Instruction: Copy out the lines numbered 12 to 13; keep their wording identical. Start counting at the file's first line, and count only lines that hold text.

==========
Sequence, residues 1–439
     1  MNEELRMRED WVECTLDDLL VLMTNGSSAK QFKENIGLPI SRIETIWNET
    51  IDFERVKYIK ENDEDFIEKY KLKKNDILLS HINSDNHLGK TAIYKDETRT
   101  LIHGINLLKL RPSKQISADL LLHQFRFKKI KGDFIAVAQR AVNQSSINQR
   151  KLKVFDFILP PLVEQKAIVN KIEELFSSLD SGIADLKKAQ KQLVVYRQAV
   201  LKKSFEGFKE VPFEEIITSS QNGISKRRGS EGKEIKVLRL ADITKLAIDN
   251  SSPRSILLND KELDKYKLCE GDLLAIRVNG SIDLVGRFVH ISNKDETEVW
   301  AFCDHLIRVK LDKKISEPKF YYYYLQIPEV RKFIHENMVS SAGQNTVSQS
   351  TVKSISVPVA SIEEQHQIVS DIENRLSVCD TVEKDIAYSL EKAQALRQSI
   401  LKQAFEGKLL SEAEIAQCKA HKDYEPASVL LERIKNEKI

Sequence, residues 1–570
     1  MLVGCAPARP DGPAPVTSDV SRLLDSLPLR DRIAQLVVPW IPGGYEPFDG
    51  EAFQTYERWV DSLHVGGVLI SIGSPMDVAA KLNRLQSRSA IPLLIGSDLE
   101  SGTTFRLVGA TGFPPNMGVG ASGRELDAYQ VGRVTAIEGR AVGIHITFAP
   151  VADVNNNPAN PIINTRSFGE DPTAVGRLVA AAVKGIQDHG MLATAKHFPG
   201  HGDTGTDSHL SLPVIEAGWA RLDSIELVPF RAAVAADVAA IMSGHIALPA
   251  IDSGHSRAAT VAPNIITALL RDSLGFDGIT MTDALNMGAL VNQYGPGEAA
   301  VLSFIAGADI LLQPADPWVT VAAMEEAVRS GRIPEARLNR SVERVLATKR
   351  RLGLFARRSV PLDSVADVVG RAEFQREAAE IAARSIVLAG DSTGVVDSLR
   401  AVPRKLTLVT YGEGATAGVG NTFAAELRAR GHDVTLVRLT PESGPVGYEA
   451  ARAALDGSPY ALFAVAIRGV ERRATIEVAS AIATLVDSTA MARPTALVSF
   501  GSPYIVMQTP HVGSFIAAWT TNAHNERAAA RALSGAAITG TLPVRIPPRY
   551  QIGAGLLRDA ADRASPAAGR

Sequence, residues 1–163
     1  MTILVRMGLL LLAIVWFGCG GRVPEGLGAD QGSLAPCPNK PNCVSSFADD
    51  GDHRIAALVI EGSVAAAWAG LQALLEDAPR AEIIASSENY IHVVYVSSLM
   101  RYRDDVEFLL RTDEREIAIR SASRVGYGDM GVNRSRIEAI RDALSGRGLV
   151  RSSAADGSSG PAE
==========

     1  MLVGCAPARP DGPAPVTSDV SRLLDSLPLR DRIAQLVVPW IPGGYEPFDG
    51  EAFQTYERWV DSLHVGGVLI SIGSPMDVAA KLNRLQSRSA IPLLIGSDLE